A multi-cultural island, Mauritius harmoniously blends cuisines from all over the world, adapted to the islander’s personal tastes. Because of the blend of cultures, there’s always something new to try and discover. While European, American and Asian dishes are available anywhere on the island, there are some staples that embody everything Mauritian food stands for. A common misconception is that Mauritius food tends to be as spicy as Indian food, but this is not the case. Spicy and hot condiments in Mauritius are always optional. Rest assured, you can always skip on the chilli if you want something milder. Wondering what to eat in Mauritius? Read on to find out.
An absolute staple on the island, Dholl Puri is present in virtually every region of Mauritius. This basically consists of two pieces of flatbread stuffed with pulses and enjoyed in pairs. Street vendors may serve you a pair filled with tangy marinara sauce, curry and optional Mauritian chilli. Not only is it exceptionally delicious but Dholl Puri is also amongst the most affordable street food on the island. Dholl puri is often accompanied by a tall glass of chilled flavoured milk sprinkled with grated jelly – the Mauritian version of Bubble Tea.
Rice and Bread
It’s no secret that Mauritians love their carbs. Most of the meals are accompanied by servings of rice and bread. While the islanders tend to favour Basmati or Jasmine rice, it is also possible to find brown or gluten-free rice. Bread is another common staple in Mauritius and often forms part of a typical Mauritian breakfast. Most natives enjoy half or a full bread roll with butter and cheese, accompanied with a cup of tea or coffee at breakfast. For lunch, they bring along a bread roll stuffed with various fillings and condiments- the Mauritian equivalent of sandwiches.
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Pasta is also a staple on the island. Far from spaghetti Bolognese or classical lasagnas, Mauritians regularly indulge in what they call “Macaroni Thon”, which is basically boiled pasta sautéed with onions, fresh tomatoes and a can of tuna fish. It is garnished with cheese, crushed salty crackers and herbs. Another local twist on pasta is “Dhall Pitta”, which is ravioli cooked in a pulse-based soup.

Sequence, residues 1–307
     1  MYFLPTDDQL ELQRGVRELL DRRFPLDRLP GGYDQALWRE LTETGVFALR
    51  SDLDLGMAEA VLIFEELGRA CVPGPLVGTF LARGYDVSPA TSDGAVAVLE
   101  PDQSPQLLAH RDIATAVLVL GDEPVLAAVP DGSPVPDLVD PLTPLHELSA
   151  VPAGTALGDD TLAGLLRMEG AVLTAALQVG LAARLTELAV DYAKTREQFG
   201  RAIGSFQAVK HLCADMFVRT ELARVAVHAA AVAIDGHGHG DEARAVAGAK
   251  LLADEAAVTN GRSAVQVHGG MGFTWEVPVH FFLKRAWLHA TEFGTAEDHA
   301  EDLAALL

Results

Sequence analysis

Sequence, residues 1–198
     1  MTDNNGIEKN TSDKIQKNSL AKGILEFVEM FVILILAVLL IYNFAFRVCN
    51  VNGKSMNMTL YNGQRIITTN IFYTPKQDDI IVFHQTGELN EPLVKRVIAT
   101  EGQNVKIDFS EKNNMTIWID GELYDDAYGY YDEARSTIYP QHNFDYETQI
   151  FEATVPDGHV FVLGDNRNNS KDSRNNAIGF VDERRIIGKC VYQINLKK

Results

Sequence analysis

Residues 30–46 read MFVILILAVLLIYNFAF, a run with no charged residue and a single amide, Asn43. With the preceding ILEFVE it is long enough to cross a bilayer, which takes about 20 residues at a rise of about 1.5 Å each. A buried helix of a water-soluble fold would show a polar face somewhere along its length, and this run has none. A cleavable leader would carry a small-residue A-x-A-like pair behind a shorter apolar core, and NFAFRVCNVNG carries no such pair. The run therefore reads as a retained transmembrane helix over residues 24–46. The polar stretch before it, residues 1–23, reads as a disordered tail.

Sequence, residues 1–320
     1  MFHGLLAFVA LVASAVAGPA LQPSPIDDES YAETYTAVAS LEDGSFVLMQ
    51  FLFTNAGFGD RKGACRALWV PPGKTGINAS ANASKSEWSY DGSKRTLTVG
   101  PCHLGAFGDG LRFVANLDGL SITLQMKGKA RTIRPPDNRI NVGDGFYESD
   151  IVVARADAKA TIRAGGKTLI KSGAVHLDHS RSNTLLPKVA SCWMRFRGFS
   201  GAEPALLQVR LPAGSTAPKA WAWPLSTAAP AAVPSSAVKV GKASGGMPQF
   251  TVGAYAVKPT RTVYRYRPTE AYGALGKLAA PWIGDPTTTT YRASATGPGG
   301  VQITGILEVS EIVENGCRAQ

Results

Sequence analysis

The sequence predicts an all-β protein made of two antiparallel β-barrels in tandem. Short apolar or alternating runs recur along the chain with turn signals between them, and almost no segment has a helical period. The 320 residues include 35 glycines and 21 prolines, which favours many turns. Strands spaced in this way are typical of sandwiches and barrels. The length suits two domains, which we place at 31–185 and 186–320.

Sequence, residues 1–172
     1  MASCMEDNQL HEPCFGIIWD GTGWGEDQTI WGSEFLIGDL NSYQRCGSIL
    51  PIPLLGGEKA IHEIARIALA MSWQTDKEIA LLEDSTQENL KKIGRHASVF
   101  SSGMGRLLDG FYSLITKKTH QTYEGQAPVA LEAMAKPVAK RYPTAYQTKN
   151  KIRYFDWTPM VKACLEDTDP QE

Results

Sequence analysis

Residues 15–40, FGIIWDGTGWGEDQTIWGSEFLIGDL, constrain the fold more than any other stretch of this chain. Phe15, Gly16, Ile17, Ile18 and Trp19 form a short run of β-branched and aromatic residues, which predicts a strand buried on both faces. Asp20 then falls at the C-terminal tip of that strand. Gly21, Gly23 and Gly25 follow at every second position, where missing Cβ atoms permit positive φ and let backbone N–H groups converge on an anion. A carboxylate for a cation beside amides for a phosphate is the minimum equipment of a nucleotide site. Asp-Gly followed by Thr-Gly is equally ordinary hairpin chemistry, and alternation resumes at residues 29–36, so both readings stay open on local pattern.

Known as “Gadjacks” on the island, fried snacks are quite popular in Mauritius. While people tend to avoid fried food during the week, a common Sunday brunch would typically include an assortment of samosas, fried dumplings, egg rolls, eggplant slices fried in batter, fried yeast balls, toasts and tea a bit like the Mauritian version of a British fry up! Though some people like to make their own “Gadjacks”, there are plenty local vendors selling this snacks. Sunday dinners often include a whole fried fish with fried onions and parsley, accompanied by French baguettes and fried meat or chicken.
Another firm favourite on the island, the Biryani originates from various parts of India and the Middle East. The locals have adapted it to their personal preferences. This dish basically consists of rice layered with saffron water and fried vegetables, meat, chicken or fish, along with fried potatoes and boiled eggs. While it can quickly be prepared in a rice cooker, Mauritians tend to do it the traditional and somewhat time-consuming way: in a metal vessel sealed shut with flour dough. Biryanis in Mauritius come with different types of condiments such as cucumber salad, pickled onions, various types of chutneys and tomato salsa. While these are quite easily available in just about every eatery on the island, you can also buy them from street vendors who will serve up your biryani right from a steaming pot in the back of their van.
Fruit: Fresh and Pickled
Your Mauritius food list can’t go without some fresh fruit. Because it is a tropical island, fresh fruit is readily available. Mauritians are also extremely fond of pickled delicacies such as pickled olives in a sweet and sour sauce. There are several street vendors with carts full of fresh fruits and different types of pickles. Drizzle sweet tamarind sauce or sprinkle ground red chilli on top, you will have the best street food ever. The best place to tuck into those mouth-watering treats is, undoubtedly, on the beach. Every beach in Mauritius comes with fruit vendors: if you can’t decide what to go for, you can always opt for the fruit cup for a variety of flavours. Sink your teeth into a juicy slice of pickled mango as you watch the sun set over the horizon. Awesome!
Mauritian spirits: The perfect accompaniment to Mauritius food!
Mauritius may be reputed for its delectable food, but it also produces some of the most flavourful wines and spirits in the Indian Ocean. Because the island produces mass quantities of sugar cane, several of their locally produced beverages are flavoured by cane sugar and syrup, adding an absolutely refreshing sweetness to it. Mauritian rum pairs beautifully with warm and spicy ‘Dholl-Puri’ or even a plate of local fried snacks.
Do give the famous Phoenix and Blue Marlin beers a try as well. You can find these locally produced beverages in literally every supermarket on the island. What’s better than quenching your thirst with a cold beer?
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